“Line As Language: Six Artists Draw”

Princeton University Art Museum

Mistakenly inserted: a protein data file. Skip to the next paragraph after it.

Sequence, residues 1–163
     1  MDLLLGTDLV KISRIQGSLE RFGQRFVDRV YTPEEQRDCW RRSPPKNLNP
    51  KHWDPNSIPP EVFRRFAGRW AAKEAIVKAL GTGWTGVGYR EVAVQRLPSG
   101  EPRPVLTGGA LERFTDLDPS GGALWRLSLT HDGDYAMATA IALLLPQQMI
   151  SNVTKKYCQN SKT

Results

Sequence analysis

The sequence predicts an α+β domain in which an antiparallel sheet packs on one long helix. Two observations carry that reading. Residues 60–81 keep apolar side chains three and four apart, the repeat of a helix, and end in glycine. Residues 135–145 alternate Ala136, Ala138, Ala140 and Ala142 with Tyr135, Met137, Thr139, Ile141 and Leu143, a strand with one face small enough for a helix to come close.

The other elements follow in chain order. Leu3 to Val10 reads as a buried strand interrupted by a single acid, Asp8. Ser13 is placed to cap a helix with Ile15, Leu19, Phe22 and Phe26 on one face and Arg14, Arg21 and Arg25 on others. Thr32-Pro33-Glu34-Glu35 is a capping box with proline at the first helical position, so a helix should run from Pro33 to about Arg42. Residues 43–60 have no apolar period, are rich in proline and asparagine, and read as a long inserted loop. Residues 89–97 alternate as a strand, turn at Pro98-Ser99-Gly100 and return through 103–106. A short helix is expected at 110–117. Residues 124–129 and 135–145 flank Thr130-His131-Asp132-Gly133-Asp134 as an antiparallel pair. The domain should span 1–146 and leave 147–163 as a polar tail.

Robert Morris exhibited a piece in “Line as Language: Six Artists Draw,” at Princeton, which seems directed toward a further elaboration of his concern with the metonymic reflexiveness of space and time, and of institutional impersonality and autobiography. Light-Codex Artifacts 1 (Aquarius) (1974) is a wall-sized drawing made in a way analogous to the method employed in the new drawings he’s currently exhibiting at the Castelli and Sonnabend Galleries, that have to do with temporal measurement. Imposed on the surface—in the form of an arrangement of pushpins—is a map of the Aquarius constellation, Morris’ astrological sign. Biographical signification is in this way juxtaposed with the work’s literal parameters, added to it but still separate from the surface insofar as the location of the pushpins isn’t a response to the drawing itself. This is what I mean when I say that Morris is

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